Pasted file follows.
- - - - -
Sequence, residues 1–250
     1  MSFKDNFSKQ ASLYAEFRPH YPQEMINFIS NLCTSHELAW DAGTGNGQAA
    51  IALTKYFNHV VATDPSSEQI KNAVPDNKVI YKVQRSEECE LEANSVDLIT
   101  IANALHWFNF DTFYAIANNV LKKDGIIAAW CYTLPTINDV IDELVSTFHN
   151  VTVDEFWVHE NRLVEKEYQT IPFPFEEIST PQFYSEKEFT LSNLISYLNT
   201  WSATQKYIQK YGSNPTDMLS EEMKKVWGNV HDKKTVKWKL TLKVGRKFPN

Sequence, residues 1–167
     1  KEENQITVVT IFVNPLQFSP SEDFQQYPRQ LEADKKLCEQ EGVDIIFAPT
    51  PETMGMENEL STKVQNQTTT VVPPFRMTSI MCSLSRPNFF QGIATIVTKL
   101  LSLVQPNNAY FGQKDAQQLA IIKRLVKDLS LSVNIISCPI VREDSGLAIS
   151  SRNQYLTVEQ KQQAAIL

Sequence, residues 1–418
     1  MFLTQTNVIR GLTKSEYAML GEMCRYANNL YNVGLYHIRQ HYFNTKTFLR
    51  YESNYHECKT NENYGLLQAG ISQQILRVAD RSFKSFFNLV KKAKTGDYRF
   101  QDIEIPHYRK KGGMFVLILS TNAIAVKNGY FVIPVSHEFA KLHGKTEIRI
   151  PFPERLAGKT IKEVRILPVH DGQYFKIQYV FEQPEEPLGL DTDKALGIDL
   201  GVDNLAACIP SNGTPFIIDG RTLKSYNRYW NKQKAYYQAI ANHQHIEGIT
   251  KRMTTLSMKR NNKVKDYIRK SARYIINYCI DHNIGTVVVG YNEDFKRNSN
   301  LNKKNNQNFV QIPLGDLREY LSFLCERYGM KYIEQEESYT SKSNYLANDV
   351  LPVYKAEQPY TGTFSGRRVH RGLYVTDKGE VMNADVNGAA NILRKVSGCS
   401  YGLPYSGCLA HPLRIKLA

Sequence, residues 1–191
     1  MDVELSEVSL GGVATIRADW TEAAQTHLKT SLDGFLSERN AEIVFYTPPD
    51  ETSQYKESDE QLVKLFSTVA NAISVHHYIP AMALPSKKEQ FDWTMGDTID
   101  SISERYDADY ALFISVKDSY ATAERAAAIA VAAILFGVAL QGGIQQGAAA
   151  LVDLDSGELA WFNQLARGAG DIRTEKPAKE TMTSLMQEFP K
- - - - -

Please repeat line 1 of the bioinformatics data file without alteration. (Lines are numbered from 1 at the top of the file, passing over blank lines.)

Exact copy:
Sequence, residues 1–250